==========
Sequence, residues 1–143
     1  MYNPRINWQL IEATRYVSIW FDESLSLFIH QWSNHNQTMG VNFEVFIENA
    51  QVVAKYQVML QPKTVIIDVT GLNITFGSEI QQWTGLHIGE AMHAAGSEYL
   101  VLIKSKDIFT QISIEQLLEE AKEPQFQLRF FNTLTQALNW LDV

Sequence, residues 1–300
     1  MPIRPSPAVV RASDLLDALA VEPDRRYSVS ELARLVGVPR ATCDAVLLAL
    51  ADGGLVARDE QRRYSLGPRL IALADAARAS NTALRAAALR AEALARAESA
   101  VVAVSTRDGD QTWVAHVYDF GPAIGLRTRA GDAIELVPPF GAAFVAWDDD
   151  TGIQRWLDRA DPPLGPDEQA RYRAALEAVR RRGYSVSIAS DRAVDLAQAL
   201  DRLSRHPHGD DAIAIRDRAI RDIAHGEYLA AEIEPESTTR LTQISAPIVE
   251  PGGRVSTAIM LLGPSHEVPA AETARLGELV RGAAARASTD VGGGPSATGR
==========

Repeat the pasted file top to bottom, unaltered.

Sequence, residues 1–143
     1  MYNPRINWQL IEATRYVSIW FDESLSLFIH QWSNHNQTMG VNFEVFIENA
    51  QVVAKYQVML QPKTVIIDVT GLNITFGSEI QQWTGLHIGE AMHAAGSEYL
   101  VLIKSKDIFT QISIEQLLEE AKEPQFQLRF FNTLTQALNW LDV

Sequence, residues 1–300
     1  MPIRPSPAVV RASDLLDALA VEPDRRYSVS ELARLVGVPR ATCDAVLLAL
    51  ADGGLVARDE QRRYSLGPRL IALADAARAS NTALRAAALR AEALARAESA
   101  VVAVSTRDGD QTWVAHVYDF GPAIGLRTRA GDAIELVPPF GAAFVAWDDD
   151  TGIQRWLDRA DPPLGPDEQA RYRAALEAVR RRGYSVSIAS DRAVDLAQAL
   201  DRLSRHPHGD DAIAIRDRAI RDIAHGEYLA AEIEPESTTR LTQISAPIVE
   251  PGGRVSTAIM LLGPSHEVPA AETARLGELV RGAAARASTD VGGGPSATGR